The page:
I started running in the early ’80s after reading books like Positive Addiction by William Glasser and The Complete Book of Running by Jim Fixx. Over time, I fell in love with the sport, and except for the occasional injury, I never stopped running.
I fell in love with running because when I’m out there setting a pace that is efficient and relatively easy, my mind quiets down and all the stress seems to dissipate. I know some of you may be thinking that you’ll never feel this way–running is something you endure until you’re done–but I believe it can be this way for you as well.
I am a Road Runners Club of America (RRCA) certified coach. I’ve trained and run countless 5Ks, 10Ks, 1/2 and full marathons. I qualified and ran Boston in 1996. I am familiar with all types of training programs and can teach proper running form and control.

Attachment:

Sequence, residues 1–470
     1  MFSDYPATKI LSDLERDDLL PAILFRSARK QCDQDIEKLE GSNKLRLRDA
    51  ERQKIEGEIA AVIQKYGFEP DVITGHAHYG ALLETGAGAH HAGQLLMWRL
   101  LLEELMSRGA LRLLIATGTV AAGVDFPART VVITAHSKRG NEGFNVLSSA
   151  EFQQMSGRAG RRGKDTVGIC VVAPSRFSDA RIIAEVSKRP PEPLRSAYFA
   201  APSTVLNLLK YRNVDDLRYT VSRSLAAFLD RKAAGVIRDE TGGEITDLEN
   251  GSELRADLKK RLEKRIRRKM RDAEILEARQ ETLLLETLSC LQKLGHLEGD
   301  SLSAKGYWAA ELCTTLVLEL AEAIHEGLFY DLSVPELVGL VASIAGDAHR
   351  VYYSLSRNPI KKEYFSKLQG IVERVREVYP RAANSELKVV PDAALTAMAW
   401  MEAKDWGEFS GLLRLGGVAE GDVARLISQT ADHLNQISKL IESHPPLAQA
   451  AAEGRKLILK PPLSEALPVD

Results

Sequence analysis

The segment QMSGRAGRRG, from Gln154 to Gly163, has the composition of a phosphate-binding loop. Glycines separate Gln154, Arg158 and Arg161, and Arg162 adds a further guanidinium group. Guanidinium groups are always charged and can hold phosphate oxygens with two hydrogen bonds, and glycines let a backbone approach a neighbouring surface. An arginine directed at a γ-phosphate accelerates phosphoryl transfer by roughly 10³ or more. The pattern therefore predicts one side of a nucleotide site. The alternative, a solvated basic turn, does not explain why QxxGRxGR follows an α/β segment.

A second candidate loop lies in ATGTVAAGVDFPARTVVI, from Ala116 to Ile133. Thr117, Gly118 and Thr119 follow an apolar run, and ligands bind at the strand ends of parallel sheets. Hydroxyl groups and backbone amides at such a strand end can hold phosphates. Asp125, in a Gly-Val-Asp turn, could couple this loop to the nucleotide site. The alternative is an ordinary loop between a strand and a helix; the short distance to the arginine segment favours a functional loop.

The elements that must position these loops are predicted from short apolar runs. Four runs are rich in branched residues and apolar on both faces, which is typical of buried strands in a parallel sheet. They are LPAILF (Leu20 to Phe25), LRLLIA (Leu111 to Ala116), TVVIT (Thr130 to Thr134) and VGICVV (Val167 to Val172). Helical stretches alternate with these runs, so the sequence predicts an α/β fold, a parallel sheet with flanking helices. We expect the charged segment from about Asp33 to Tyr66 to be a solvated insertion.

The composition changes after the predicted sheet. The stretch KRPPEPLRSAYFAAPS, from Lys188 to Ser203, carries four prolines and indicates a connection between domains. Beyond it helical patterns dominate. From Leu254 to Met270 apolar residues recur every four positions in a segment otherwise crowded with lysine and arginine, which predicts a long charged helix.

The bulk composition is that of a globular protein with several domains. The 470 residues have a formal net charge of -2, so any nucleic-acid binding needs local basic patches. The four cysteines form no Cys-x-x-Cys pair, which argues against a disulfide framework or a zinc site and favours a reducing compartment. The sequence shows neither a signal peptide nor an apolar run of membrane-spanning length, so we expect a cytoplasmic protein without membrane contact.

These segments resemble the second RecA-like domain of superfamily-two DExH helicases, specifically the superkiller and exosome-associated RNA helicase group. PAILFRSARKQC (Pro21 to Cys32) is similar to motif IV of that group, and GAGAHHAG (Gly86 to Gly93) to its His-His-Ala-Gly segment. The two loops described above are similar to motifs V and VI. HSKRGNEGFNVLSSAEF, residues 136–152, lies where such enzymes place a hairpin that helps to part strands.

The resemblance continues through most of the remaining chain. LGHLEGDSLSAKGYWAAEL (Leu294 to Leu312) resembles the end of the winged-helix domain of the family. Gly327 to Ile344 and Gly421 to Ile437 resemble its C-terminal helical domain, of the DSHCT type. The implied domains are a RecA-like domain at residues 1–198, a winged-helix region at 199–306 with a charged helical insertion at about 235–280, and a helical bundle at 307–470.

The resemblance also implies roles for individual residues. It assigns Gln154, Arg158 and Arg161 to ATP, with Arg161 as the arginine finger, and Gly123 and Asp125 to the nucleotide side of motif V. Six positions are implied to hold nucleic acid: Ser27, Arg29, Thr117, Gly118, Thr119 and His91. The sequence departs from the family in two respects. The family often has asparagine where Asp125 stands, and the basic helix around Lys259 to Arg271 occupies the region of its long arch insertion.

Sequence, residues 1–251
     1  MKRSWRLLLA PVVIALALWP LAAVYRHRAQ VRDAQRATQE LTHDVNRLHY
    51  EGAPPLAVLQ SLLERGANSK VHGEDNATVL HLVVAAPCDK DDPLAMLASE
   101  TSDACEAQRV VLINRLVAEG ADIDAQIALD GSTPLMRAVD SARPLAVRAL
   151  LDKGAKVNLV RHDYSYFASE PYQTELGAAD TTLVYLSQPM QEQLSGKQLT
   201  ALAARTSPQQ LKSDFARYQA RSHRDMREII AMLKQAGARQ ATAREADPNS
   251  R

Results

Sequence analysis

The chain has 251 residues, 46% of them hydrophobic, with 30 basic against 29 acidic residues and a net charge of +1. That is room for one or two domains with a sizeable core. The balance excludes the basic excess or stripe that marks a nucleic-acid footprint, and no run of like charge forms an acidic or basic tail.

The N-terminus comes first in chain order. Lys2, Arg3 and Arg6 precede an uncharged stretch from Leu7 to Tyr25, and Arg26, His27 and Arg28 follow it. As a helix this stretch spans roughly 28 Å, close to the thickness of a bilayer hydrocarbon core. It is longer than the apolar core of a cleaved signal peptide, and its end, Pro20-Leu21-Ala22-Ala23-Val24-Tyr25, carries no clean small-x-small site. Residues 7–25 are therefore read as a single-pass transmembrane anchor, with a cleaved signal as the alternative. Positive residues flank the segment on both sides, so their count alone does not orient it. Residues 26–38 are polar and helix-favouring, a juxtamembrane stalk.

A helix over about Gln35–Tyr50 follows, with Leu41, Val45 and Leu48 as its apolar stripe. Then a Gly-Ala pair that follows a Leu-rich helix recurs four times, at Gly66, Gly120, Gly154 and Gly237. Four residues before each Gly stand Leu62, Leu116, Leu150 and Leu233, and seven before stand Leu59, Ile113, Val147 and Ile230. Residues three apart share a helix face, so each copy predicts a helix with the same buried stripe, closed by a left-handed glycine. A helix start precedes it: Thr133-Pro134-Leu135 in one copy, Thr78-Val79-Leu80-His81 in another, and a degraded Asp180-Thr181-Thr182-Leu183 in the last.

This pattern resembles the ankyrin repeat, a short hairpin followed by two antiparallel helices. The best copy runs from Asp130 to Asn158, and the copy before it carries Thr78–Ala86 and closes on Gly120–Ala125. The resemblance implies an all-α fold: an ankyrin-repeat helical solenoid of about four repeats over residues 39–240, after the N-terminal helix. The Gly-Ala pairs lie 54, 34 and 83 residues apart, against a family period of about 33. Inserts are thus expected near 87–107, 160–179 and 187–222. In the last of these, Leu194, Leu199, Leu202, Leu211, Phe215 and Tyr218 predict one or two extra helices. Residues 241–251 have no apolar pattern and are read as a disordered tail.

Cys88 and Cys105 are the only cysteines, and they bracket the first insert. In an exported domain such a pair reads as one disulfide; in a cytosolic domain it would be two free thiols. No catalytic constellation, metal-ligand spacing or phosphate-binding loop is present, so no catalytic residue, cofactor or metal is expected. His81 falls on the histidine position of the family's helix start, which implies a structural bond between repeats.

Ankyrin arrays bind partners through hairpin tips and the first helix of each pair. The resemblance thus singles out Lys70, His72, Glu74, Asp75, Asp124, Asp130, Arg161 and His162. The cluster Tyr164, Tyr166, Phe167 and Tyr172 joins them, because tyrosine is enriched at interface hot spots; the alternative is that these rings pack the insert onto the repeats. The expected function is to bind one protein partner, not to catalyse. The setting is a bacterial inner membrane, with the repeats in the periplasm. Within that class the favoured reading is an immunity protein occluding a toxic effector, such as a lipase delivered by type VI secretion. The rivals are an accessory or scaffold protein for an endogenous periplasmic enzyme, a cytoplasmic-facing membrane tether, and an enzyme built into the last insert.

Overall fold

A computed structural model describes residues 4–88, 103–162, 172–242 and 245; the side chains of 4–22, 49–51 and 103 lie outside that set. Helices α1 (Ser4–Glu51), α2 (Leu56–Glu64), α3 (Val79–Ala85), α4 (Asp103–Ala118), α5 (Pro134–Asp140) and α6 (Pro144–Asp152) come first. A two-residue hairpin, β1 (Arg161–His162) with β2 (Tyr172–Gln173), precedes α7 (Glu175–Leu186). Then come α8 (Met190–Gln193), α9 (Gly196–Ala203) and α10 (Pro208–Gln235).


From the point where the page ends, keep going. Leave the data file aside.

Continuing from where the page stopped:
The reasons people run vary, but I believe the nature of this sport and the reason runners can consistently run for many decades is that it becomes a way of life. Running builds up the body, nourishes the mind, and when you share your running with others, it makes you feel good. It makes you feel that you belong to something and can share that good with others.
Having goals for your running is good. It may be to lose weight, finish your first 5K or 10K or to set some new personal record (PR). Whatever it is, it is only attainable through consistency and practice. We will occasionally fail in life. But having the motivation to get back up and try again only comes from seeing that running is more than just a medal or PR. That is why I want to motivate runners to run to feel strong–to train smarter. Feeling good about what you’re doing is what’s important. Races, medals and PRs are icing on the cake.
For more information about my running program, follow the link below